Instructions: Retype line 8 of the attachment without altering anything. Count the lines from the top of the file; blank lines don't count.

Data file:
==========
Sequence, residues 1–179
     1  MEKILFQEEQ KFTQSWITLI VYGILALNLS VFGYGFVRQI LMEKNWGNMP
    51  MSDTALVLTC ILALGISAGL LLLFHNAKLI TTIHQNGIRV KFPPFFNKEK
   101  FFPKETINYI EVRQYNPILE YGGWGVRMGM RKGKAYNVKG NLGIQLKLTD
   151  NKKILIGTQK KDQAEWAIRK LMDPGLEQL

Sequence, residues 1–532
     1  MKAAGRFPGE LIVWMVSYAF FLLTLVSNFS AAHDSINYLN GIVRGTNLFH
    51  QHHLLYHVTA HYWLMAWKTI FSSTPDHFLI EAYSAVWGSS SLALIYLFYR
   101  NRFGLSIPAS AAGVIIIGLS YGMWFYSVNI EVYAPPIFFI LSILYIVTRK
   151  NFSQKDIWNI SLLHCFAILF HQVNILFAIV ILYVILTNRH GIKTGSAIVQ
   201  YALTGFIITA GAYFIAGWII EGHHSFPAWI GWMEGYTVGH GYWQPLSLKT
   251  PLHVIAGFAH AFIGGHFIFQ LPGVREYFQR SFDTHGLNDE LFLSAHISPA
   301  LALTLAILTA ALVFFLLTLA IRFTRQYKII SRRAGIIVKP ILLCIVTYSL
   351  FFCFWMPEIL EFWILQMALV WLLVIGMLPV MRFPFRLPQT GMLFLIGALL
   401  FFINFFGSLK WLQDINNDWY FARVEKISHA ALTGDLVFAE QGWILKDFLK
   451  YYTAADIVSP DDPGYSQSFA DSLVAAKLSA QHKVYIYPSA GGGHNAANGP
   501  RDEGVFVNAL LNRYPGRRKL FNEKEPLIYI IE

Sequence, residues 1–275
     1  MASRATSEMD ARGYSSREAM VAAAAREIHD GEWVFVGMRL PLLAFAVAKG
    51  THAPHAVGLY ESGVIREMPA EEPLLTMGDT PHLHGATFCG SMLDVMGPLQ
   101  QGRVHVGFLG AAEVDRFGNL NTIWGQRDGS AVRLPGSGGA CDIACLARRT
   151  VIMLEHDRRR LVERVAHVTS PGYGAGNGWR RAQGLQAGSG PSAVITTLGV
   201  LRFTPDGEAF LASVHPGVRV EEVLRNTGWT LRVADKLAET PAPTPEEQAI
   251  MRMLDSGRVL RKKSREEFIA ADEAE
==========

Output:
    51  QHHLLYHVTA HYWLMAWKTI FSSTPDHFLI EAYSAVWGSS SLALIYLFYR